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Goode v. Nutter

United States District Court, E.D. Pennsylvania

August 28, 2017

RONALD GOODE, Plaintiff,
v.
MICHAEL NUTTER, et al., Defendants.

          OPINION

          Slomsky, J.

         I. INTRODUCTION

         Plaintiff Ronald Goode, proceeding pro se, brings this suit against Defendant Lieutenant James Hamilton for alleged violations of his constitutional rights stemming from his incarceration at Curran-Frumhold Correctional Facility ("CFCF") in Philadelphia, Pennsylvania.[1]Defendant Hamilton has filed a Motion for Summary Judgment under Federal Rule of Civil Procedure 56. (Doc. No. 93.) This Motion is presently before the Court for a decision.

         II. BACKGROUND

         Plaintiff Ronald Goode alleges that he suffered federal civil rights violations by being placed in a segregated housing unit at CFCR (Doc. No. 54.) The Fourth Amended Complaint alleges that Plaintiff was moved to the segregated housing unit after being assaulted by two inmates. (Id.) He contends that while in segregated housing, he did not receive proper medical treatment, was not permitted to attend religious services, and was not permitted to "exhaust[] ... my courts [sic] administrative remedies." (Id.) According to Plaintiff, these deprivations violated of his right to procedural due process under the Fourteenth Amendment and his right to be free from cruel and unusual punishment under the Eighth Amendment, triggering civil liability under 42 U.S.C. § 1983. (Id.)

         On June 28, 2013, Plaintiff, proceeding pro se, initiated this action against Defendants. (Doc. No. 3.) After a Fourth Amended Complaint ("FAC") was filed, Defendant Hamilton filed an Answer to the FAC. (Doc. Nos. 54, 56.) The parties proceeded to discovery. After discovery concluded, Defendant Hamilton filed the Motion for Summary Judgment.[2] (Doc. No. 93.)

         III. STANDARD OF REVIEW

         Granting summary judgment is an extraordinary remedy. Summary judgment is appropriate "if the movant shows that there is no genuine dispute as to any material fact and the movant is entitled to judgment as a matter of law." Fed.R.Civ.P. 56(a). In reaching this decision, the court must determine whether "the pleadings, depositions, answers to interrogatories, admissions, and affidavits show there is no genuine issue of material fact and that the moving party is entitled to judgment as a matter of law." Favata v. Seidel, 511 F.App'x 155, 158 (3d Cir. 2013) (quoting Azur v. Chase Bank, USA, Nat'l Ass'n, 601 F.3d 212, 216 (3d Cir. 2010) (quotation omitted)). A disputed issue is "genuine" only if there is a sufficient evidentiary basis on which a reasonable jury could find for the non-moving party. Kaucher v. Cnty. of Bucks. 455 F.3d 418, 423 (3d Cir. 2006) (citing Anderson v. Liberty Lobby, Inc., 477 U.S. 242, 248 (1986)). For a fact to be considered "material, " it "must have the potential to alter the outcome of the case." Favata, 511 F.App'x at 158. Once the proponent of summary judgment "points to evidence demonstrating no issue of material fact exists, the non-moving party has the duty to set forth specific facts showing that a genuine issue of material fact exists and that a reasonable factfinder could rule in its favor." IcL (quoting Azur, 601 F.3d at 216 (internal quotation marks omitted)).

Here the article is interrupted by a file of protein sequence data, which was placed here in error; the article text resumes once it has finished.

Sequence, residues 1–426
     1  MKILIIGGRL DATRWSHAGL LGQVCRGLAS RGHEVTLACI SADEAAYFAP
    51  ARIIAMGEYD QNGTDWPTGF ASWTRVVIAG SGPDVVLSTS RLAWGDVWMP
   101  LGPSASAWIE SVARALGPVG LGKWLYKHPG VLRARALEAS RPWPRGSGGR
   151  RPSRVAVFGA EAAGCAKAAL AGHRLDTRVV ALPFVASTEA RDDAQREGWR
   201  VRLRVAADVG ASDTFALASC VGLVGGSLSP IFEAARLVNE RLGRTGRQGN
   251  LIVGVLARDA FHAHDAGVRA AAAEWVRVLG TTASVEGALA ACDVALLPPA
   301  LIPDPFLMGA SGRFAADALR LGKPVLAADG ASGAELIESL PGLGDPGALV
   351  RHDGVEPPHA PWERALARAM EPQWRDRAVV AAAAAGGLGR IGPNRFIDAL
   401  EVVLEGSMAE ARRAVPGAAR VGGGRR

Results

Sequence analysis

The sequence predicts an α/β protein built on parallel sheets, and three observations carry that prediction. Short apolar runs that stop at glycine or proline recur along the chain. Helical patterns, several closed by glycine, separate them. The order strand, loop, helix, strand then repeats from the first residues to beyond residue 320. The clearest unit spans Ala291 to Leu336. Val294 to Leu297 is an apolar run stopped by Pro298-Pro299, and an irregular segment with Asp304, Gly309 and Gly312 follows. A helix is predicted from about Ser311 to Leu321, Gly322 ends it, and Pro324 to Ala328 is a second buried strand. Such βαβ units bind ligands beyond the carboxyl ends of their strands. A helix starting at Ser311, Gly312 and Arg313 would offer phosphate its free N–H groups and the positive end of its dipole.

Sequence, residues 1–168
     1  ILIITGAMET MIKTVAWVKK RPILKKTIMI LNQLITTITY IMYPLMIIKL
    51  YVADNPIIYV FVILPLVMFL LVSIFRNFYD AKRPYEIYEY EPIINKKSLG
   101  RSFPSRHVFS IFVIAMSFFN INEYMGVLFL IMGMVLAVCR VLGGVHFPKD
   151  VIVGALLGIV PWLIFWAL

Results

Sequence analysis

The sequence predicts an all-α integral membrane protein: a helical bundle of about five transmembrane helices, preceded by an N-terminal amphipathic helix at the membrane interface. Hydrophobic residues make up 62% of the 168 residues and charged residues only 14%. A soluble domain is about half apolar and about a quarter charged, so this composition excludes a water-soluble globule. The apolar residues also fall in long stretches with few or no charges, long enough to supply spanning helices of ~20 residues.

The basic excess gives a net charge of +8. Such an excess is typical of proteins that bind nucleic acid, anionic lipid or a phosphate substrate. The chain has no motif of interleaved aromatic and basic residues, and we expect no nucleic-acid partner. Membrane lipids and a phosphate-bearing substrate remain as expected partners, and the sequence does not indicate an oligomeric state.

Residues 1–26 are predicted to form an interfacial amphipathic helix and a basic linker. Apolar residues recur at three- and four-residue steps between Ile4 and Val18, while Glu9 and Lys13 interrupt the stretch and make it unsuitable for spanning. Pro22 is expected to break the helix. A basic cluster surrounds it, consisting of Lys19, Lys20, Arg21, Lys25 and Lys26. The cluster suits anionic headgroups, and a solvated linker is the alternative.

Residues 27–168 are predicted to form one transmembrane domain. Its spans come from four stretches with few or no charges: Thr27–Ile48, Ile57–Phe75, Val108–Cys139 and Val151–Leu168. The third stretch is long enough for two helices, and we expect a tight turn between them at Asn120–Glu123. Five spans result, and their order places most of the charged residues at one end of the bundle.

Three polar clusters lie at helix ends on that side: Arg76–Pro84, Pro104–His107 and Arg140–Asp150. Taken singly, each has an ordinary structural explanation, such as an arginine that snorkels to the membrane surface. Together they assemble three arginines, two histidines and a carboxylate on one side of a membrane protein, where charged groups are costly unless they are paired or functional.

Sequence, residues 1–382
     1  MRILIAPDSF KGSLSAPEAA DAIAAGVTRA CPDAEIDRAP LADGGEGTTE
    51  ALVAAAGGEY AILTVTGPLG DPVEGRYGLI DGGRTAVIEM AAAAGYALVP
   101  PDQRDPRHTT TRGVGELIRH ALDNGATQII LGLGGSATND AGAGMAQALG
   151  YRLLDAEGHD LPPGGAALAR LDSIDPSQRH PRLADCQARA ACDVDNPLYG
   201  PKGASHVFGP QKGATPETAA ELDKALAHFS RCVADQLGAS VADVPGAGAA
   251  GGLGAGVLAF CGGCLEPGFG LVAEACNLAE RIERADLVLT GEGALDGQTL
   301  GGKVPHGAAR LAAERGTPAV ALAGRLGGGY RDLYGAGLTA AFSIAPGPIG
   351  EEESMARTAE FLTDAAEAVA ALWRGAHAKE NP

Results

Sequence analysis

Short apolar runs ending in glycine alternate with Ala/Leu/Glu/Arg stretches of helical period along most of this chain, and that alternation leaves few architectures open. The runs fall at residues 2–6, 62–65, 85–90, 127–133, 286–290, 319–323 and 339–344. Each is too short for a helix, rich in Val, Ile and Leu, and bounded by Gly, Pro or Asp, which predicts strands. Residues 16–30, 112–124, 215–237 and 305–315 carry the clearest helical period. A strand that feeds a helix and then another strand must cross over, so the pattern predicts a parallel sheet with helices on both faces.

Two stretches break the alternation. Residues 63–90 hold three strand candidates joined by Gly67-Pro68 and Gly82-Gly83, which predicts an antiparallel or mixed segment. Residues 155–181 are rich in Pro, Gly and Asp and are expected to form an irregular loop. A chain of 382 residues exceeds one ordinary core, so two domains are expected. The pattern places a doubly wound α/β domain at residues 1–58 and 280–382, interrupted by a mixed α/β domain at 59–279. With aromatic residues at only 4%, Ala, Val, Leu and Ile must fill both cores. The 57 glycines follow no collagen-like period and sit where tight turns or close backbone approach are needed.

In deciding a motion for summary judgment, "[t]he evidence of the nonmovant is to be believed, and all justifiable inferences are to be drawn in his favor." Id. (quoting Chambers ex rel. Chambers v. Sch. Dist. of Philadelphia Bd. of Educ, 587 F.3d 176, 181 (3d Cir. 2009) (quotation omitted)). The Court's task is not to resolve disputed issues of fact, but to determine whether there exist any factual issues to be tried. Anderson, 477 U.S. at 247-49. Whenever a factual issue arises which cannot be resolved without a credibility determination, at this stage the court must credit the non-moving party's evidence over that presented by the moving party. Id. at 255. If there is no factual issue, and if only one reasonable conclusion could arise from the record regarding the potential outcome under the governing law, summary judgment must be awarded in favor of the moving party. Id. at 250.

         IV. ANALYSIS

         The FAC raises a claim against Lieutenant James Hamilton pursuant to 42 U.S.C. § 1983 ("Section 1983"). (Doc. No. 54.) Plaintiff alleges that he was placed in the segregated housing unit at CFCF for a couple of weeks after he was assaulted by two inmates. (Id.). He alleges that he was denied medical treatment, religious accommodations, and the ability to exhaust administrative remedies while in the segregated housing unit, which he contends amounted to a violation of his right to procedural due process under the Fourteenth Amendment and his right to be free from cruel and unusual punishment under the Eighth Amendment. (Id.)

         Defendant Hamilton argues in the Motion for Summary Judgment that the Section 1983 claim should be dismissed for two reasons. (Doc. No. 93 at 3.) First, Defendant Hamilton argues that Plaintiff has failed to show that a constitutional violation occurred. (Id. at 5-6.) Second, Defendant Hamilton asserts that Plaintiff has failed to identify evidence showing Defendant Hamilton's personal involvement in the alleged wrongdoing. (Id. at 7-8.) For reasons that follow, this Court agrees with Defendant's arguments and will grant the Motion for Summary Judgment (Doc. No. 93).

         A. Plaintiff Has Not Produced Facts Showing an Underlying Violation of the Fourteenth Amendment or the Eighth Amendment

         1. Plaintiff Has Failed to Show a Fourteenth ...


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